On a standard 39 Custom Coupe Express build-up, the ride would be level, as dictated by the use of the standard unaltered GM sub frame. In modern custom-think, the use of  air bags and larger diameter rear to front wheel ratio with thin rubber is the key to a nice stance. While I like this look, it is not a suitable combination for a retro rod. The theme of this Studebaker had to maintain the design idea and be expressed with a wheel & tire combination that more closely matches the objective of simple & subtle. The emphasis was placed on the rake being achieved with the tires rather than with the wheels, like it was in early street rodding; the goal being to assure the body be as close as possible to the wheel lip at ride height. The significance of the difference in this approach cannot be overstated. It is a direct acknowledgement of the 60’s way of getting the stance. While not necessarily a better approach, by design it is certainly counter to the modern prevailing sense of style. This is yet another exclusive design & style dictate of this exceptional build-up.

The result  is a nice low slung sleekness that rides smooth at top speed and handles well in all circumstances… The radius is 100% range functional. There are no problems from the rear setup, no bounce, and no clearance issues. Second only to the overall body design, I believe the rake achievement serves up the single most appealing aspect of the “Stude with Tude”, adding immeasurably to the overall design goal... Long, low, smooth, and simple.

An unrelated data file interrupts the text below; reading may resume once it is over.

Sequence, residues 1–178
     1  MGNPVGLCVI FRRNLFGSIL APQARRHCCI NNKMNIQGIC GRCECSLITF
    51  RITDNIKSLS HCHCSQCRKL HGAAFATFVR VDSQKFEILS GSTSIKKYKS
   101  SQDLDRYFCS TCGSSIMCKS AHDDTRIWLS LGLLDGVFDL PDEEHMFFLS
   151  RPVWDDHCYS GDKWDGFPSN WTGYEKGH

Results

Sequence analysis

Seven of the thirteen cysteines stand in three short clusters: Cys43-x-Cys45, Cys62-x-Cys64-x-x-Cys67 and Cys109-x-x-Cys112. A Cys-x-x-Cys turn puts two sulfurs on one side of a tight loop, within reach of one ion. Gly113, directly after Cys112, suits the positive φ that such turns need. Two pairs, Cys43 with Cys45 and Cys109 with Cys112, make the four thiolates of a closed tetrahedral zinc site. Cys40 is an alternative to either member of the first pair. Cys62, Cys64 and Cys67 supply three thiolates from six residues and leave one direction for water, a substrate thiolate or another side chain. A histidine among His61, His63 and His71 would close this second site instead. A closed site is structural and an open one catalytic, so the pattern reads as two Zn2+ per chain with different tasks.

The trick was to blend the “best of show” looks with  “daily driver” mechanicals. This objective is achieved with the use of the mostly stock, predictable, factory built original GM sub-frame and mildly altered suspension components. The engine is a simply built and mostly original Corvette LT-1. In keeping with the overall design, it’s dressed up nicely but with minimal use of chrome for visual simplicity and tucked neatly into the completely filled engine compartment. Additionally, the creature comforts such as leather and vintage air assure a pleasurable driving experience.

Additional Design Details
One for the road… There is nothing wrong with the trailer queen approach to Hot Rod ownership. I've done it  and had a good time with it.  Eventually however even the most special creations need their time on the road. That said, when Taylor finished the 39, it made the long trailer trip from Louisiana to Georgia and has not seen a trailer since! With my very first real “show car” my dad & I spent three years on the ISCA Southeastern Division circuit in the early 80’s competing at the top levels with a 79 Datsun Pickup. We won the SE Division Class Champion and finished second as National class champion with numerous awards in between. 
While I enjoyed the show experience I never got to enjoy the post show-time experience on the road. The truck was totally destroyed in a house fire as it sat in storage between seasons. Fast forward 25 years or so and It’s a different season. Fresh off the build-up, the Stude made it’s show debut at the 03 “Horsepower in the Park”  two day event at the Olympic Horse park in Georgia where it took a top five pre 1949 award and “Best Hot Rod”. Since then it has earned more awards at local events. From 1980 to 2003, and with the car show thing well satisfied and the priorities realigned it’s time to enjoy Hot Rodding as it was meant to be. The allure of the occasional car show is a possibility, the cruise nights are a certainty, all else in between is pure driving enjoyment.

Happy Rodding,  Jeff Nix
See other Glass truck designs here
Studebaker Coupe Express
Get it out of the garage and on the street!